The vagueness and confusion provoked by the giraffe is set forth by Sir Charles Lyell, who so greatly influenced Darwin. He says ("Antiquity of Man," 1863, pp. 410-411): "Lamarck when speculating on the origin of the long neck of the giraffe imagined that quadruped to have stretched himself up in order to reach the boughs of lofty trees until by continued efforts and longing to reach higher he obtained an elongated neck. Darwin and Wallace simply supposed that, in a season of scarcity, a longer-necked variety survived the others and transmitted its peculiarity to its successors. Every naturalist admits that there is a general tendency in animals and plants to vary; but it is usually taken for granted that there are certain limits beyond which each species cannot pass under any circumstances or in any number of generations. (Here you have a law which is not bizarrish.) Darwin and Wallace say that the oppositive hypothesis, which assumes that every species is capable of varying indefinitely from its original type, is not a whit more arbitrary. We have no right, they say, to assume, should we find that a variable species can no longer be made to vary in a certain direction, that it has reached the utmost limits to which it might, if more time were allowed, be made to diverge from the parent type."

Perhaps in another million of years the giraffe will have twice as much neck as he now has and the elephant less neck than none at all, and a proboscis tremendously extended. Perhaps! (McCann 254-255)

Darwin and Wallace had it right. Why should it be 'taken for granted that there are certain limits beyond which each species cannot pass under any circumstances or in any number of generations'? Especially now that we understand genetics, we know there are no stop signs in our chromosomes. McCann's idea reeks of Platonic idealism.

McCann continued to harp on marsupials, which he discussed in the previous chapter.

Why, let us repeat, through these millions of years, have they remained marsupials, although Australia has presented opportunities for the most diverse modes of existence? Why, if not because the marsupials present a real type which varies in form but is not abandoned? There is an overwhelming body of proof that certain basal forms are firmly retained and that the whole theory of evolution from, a common ancestor must be completely abandoned. Certainly the marsupials have had time and opportunity for the full development of their maximum evolutional capacity. Why, then, through all these millions of years, have the limits to such evolutional capacity been so sharply defined? (McCann 256)

Once again, he thinks in teleological terms, or in the Ladder of Progress. There is no goal for evolution. There is no reason why marsupials should be expected to evolve into placental mammals.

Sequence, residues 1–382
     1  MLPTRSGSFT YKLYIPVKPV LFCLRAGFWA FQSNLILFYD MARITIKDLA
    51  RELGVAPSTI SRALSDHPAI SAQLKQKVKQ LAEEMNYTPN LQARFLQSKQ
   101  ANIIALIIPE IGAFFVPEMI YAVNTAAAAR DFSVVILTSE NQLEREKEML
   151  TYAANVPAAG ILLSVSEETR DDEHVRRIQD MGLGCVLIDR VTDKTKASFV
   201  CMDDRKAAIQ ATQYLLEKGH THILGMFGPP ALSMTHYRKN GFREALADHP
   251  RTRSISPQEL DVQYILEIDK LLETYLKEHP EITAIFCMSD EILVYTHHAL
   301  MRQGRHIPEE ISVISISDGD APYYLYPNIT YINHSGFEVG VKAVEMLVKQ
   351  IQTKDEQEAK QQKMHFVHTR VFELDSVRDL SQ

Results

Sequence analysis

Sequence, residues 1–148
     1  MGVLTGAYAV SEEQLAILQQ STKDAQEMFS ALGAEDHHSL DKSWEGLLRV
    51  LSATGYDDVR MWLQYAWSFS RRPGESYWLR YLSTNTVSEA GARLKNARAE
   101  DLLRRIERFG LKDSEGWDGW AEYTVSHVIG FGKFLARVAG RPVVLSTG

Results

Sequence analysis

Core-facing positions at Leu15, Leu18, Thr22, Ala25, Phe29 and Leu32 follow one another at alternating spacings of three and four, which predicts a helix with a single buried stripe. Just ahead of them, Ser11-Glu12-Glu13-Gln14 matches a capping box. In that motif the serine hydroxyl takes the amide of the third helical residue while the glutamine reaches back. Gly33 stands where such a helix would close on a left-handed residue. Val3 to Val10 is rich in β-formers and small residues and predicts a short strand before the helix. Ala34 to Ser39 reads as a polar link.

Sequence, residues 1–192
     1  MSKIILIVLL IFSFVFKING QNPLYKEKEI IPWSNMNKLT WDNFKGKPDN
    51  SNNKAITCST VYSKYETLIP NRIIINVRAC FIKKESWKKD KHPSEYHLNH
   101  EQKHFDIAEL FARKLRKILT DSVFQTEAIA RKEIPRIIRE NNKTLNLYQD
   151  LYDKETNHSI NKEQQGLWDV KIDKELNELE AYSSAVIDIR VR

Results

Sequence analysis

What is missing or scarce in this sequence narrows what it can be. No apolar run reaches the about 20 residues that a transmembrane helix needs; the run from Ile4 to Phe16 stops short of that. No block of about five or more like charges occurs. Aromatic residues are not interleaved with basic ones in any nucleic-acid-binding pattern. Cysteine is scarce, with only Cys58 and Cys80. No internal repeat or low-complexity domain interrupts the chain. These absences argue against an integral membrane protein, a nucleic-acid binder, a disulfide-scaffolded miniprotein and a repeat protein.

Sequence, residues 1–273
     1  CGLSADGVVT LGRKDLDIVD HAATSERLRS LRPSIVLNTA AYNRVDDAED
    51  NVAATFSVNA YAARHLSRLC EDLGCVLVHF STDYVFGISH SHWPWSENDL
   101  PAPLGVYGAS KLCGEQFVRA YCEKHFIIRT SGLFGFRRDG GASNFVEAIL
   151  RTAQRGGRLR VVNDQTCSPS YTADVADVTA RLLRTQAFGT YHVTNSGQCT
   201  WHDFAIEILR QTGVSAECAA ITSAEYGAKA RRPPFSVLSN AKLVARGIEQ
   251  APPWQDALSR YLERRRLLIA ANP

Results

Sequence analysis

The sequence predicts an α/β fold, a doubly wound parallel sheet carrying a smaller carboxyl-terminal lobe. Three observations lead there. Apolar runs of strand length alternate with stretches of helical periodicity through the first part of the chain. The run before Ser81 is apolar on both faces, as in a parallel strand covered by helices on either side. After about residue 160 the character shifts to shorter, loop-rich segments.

The earliest mammals laid eggs, which isn't surprising, considering that it's the primitive form of reproduction for all tetrapods. Some mammals, the monotremes, still lay eggs. At some point, obviously, mammals began giving birth to live young. This also isn't a big deal, considering how many other animals also practice vivipary. It probably started simply by allowing the eggs to develop inside the mother without laying them. Now, the exact relationship between marsupials and placental mammals is a bit murky, but there are two probable scenarios. Either placental mammals evolved from marsupials, or they both evolved independently from that lineage of mammals where the mothers retained their eggs.

Recall from an earlier discussion in this series, where I said that some evolutionary strategies are more difficult to evolve than others. Simply retaining eggs to develop inside a mother is fairly simple, so it's seen in multiple lineages. A placenta, on the other hand, is not so easy to develop. For us mammals, in fact, it looks we owe the placenta to a viral infection. Endogenous retroviruses are those viruses that have managed to get their DNA incorporated into the genome of a population (by infecting germ cells). Many of the genes used that help protect a fetus from the mother's immune system are from endogenous retroviruses. Considering the circumstances involved, you would expect that this is a pretty rare way for animals to acquire genes, so it's not surprising that marsupials haven't independently evolved a placenta.

But just because marsupials haven't evolved a placenta, it doesn't mean that they've remained 'primitive'. In the hundred million years or so since our lineages have diverged, marsupials have gone on evolving, as well. Just look at the diversity of life forms in Australia. And, as should be expected, they've evolved some of their own unique characteristics that are absent from us placental mammals (for example, us humans haven't evolved the ability to glide like sugar gliders). Every animal can only build on the innovations that arose in its ancestors, not innovations that arose in its cousins. There is no single most evolved animal.

Proceed to Chapters 21 & 22